Purpose: This research examines the role of corporate social responsibility (CSR) in the workplace and its impact on frontline employees’ work-related outcomes. Based on the CSR and human resource management literature, this research formulates and tests a model of perceived management support for CSR, perceived customer support for CSR, work engagement, organization engagement, well-being and task performance, with an emphasis on the moderating role of the importance of CSR to employees. Design/methodology/approach: The survey data were collected from 409 frontline employees of service enterprises, such as hotels, restaurants, travel agencies, airlines, in May and June 2015. The collected data were analyzed with SPSS and AMOS for frequency, reliability, correlation, confirmatory factor analyses and structural equation modeling. Findings: The empirical results indicate that perceived management support for CSR significantly influences work engagement and organization engagement. Perceived customer support for CSR significantly affects work engagement, which increases organization engagement and enhances task performance. Organization engagement has a significant impact on perceived well-being, which, in turn, enhances task performance. Finally, the importance of CSR to employees significantly moderates the path from perceived management support for CSR to organization engagement. Originality/value: This study formulates a conceptual model focusing on CSR to investigate drivers of well-being and the two aspects of employee engagement in a workplace. This study also considers employees’ perceptions of the importance of CSR as a moderator in the model.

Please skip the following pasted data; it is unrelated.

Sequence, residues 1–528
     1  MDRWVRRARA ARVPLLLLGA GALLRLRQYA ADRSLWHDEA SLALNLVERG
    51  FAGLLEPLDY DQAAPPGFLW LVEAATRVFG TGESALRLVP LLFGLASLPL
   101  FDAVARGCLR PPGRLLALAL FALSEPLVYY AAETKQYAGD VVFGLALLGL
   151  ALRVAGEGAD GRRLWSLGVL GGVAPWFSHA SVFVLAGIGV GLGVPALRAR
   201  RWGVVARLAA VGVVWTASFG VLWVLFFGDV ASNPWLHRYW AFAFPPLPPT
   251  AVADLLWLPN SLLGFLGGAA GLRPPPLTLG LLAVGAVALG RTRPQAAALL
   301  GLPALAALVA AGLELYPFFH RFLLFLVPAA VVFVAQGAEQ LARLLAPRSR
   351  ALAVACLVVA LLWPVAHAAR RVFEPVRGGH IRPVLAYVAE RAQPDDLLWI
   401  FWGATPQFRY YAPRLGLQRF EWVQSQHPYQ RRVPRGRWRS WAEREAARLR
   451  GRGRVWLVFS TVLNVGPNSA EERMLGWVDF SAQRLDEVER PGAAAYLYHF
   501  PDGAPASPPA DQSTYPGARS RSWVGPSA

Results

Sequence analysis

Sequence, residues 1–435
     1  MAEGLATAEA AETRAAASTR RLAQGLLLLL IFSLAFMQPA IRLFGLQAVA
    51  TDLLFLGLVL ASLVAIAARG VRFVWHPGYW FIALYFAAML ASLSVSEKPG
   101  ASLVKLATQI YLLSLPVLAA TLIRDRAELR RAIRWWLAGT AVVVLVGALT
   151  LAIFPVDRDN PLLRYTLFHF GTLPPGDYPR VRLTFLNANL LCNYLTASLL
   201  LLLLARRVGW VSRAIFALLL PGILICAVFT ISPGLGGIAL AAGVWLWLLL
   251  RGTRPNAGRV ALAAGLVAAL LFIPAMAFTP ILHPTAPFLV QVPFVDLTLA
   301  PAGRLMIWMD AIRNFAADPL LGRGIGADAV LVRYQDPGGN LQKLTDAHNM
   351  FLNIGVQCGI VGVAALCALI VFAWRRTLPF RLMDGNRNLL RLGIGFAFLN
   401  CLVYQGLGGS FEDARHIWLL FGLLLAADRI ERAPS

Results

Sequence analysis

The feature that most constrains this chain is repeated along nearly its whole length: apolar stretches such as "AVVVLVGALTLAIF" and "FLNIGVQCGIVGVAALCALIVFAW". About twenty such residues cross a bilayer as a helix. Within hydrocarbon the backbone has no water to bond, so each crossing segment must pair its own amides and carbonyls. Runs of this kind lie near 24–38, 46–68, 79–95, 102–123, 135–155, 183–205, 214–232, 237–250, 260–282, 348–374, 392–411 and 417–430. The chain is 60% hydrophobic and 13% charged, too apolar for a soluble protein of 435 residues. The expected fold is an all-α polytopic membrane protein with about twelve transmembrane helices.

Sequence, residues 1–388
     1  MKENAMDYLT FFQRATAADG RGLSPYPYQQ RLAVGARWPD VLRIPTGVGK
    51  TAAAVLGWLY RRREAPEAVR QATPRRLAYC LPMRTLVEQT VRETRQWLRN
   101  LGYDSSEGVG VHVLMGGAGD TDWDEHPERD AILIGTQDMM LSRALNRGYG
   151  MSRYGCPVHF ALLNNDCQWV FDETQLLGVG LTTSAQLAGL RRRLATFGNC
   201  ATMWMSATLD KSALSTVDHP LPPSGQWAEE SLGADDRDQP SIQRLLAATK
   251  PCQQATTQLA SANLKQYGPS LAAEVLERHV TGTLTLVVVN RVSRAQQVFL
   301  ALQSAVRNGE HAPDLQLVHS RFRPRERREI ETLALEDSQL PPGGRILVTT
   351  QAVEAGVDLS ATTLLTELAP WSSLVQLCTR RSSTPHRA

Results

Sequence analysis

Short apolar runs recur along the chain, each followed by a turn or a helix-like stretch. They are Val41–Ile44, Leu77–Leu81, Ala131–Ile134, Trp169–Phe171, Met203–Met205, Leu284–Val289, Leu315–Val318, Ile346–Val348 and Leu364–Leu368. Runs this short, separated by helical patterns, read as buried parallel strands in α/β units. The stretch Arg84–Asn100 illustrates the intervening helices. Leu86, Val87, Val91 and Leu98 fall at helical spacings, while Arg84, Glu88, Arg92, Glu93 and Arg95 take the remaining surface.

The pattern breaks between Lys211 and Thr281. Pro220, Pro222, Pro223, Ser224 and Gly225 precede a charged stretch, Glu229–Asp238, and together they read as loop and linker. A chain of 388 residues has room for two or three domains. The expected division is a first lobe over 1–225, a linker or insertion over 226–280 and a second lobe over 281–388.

|Number of pages
|Published - 2020
Bibliographical notePublisher Copyright:
© 2020, Emerald Publishing Limited.
- Corporate social responsibility
- Employee engagement
- Frontline employee
- Task performance
ASJC Scopus subject areas
- Business, Management and Accounting (all)
- Management Science and Operations Research